- Yang Ming Marine Transport Co., a Taiwanese transport line, is set to join the THE Alliance in April, but has suspended its Electronic Data Interchange (EDI) scheduling services, American Shipper reported Monday.
- EDI allows data to be exchanged between shippers and carriers. The early service cut off will not affect pre-booked shipments, but does raise doubt as to Yang Ming's future portage, as many port rotations for THE Alliance remain uncertain.
- THE Alliance, which is comprised of the German Hapag-Lloyd line as well as Mitsui O.S.K. Line (MOL), Nippon Yusen Kaisha (NYK) and Kawasaki Kisen Kaisha (the "K" Line), all of Japan, is still listing potential ports of call as “North Europe hub” or Southeast Asia hub” instead of the specific terminals intended. Planned routing is said to comprise 31 loops made by 240 vessels calling at 75 ports or more.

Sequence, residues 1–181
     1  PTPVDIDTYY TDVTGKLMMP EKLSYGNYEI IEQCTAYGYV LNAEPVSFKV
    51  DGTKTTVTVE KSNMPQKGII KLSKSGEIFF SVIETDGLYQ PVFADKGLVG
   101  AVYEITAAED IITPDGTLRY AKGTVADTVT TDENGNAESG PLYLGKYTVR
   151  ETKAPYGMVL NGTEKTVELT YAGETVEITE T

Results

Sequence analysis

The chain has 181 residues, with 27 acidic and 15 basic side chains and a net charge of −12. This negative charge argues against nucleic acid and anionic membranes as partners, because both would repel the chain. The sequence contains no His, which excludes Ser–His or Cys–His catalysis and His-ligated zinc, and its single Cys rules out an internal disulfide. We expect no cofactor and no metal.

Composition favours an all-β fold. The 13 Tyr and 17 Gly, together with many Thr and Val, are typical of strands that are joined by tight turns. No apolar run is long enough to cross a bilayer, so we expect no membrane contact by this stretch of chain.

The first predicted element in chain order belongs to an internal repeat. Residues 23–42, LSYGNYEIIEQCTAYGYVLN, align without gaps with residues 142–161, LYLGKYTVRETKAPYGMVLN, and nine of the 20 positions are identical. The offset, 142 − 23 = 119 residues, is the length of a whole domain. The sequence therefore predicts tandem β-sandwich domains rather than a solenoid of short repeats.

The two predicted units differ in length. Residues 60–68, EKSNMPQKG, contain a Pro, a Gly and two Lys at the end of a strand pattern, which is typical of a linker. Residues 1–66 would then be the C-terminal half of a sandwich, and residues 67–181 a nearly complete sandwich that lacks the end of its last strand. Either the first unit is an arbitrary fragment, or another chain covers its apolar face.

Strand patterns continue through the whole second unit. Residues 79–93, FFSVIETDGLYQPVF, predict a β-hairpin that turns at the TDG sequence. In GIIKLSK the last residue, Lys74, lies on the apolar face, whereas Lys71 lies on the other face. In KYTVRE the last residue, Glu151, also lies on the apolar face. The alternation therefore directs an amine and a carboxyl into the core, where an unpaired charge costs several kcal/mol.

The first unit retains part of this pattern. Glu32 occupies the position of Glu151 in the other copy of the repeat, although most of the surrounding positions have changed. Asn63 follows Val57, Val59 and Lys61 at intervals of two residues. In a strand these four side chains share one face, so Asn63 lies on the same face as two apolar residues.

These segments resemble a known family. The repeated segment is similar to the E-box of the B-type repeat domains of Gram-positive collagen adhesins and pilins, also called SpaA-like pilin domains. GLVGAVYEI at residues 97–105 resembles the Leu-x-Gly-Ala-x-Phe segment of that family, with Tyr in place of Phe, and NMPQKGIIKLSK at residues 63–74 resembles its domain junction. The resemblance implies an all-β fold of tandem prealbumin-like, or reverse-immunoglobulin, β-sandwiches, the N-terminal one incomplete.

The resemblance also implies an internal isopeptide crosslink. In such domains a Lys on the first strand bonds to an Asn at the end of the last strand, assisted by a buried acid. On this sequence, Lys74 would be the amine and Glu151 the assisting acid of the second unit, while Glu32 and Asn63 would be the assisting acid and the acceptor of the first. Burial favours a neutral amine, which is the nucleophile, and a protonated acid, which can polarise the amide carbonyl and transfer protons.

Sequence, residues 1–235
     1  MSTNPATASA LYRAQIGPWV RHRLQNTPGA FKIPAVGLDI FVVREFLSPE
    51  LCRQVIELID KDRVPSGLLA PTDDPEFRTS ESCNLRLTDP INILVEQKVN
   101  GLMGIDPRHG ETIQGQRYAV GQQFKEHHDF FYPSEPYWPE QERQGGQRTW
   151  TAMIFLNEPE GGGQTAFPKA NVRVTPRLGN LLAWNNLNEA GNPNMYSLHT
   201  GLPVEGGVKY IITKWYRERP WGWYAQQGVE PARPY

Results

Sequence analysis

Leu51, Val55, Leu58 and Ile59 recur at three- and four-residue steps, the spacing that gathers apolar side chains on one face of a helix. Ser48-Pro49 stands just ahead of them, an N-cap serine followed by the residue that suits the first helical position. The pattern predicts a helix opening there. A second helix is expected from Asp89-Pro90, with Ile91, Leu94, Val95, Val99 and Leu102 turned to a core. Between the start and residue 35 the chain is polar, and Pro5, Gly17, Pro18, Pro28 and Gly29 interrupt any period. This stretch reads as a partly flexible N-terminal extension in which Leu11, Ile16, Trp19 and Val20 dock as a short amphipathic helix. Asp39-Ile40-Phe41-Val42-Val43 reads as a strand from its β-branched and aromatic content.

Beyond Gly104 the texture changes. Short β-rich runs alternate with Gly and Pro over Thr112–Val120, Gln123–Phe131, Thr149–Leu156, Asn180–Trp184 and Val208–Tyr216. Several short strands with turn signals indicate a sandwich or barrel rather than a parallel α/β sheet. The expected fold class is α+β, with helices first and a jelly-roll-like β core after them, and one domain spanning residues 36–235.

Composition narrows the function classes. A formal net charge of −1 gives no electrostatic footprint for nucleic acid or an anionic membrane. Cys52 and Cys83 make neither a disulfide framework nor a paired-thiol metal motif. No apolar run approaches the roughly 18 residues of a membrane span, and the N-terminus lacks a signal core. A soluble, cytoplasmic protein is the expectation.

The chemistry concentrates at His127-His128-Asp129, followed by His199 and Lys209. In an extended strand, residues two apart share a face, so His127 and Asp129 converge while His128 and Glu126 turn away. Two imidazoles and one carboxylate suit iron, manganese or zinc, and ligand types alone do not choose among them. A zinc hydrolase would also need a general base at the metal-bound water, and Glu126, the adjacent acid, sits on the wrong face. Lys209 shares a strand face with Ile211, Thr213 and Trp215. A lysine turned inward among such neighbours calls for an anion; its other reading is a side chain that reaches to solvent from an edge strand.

Though port rotations are not yet set, THE Alliance will combine operations in April 2017 for a period of five years, pending regulatory approval. The bankrupt Hanjin was also set to join, as was Hyundai Merchant Marine, which wound up settling for a shared slot exchange thanks to its current shaky economics. The remaining lines, which include Yang Ming, for a total of five full partners plus HMM, intend to compete with the 2M of Maersk Line (which recently purchased Hamburg-Sud) and the Mediterranean Shipping Company, two of the biggest carriers, and the Ocean Alliance, of which China Cosco Shipping, the Evergreen Line, CMA CGM, and Orient Overseas Container Line (OOCL) all belong.
THE Alliance carriers comprise approximately 3.5 million TEUs. The partners operate roughly 620 ships, all told. Rumors that THE Alliance could add another member thanks to a potential merger of Hapag-Lloyd and the United Arab Shipping Company have not been verified due to financing concerns delaying the formal announcement.
THE Alliance intends to run the east-west trade lanes, including Asia-Europe, trans-Pacific, trans-Atlantic and Asia-Middle East/Persian Gulf/Red Sea.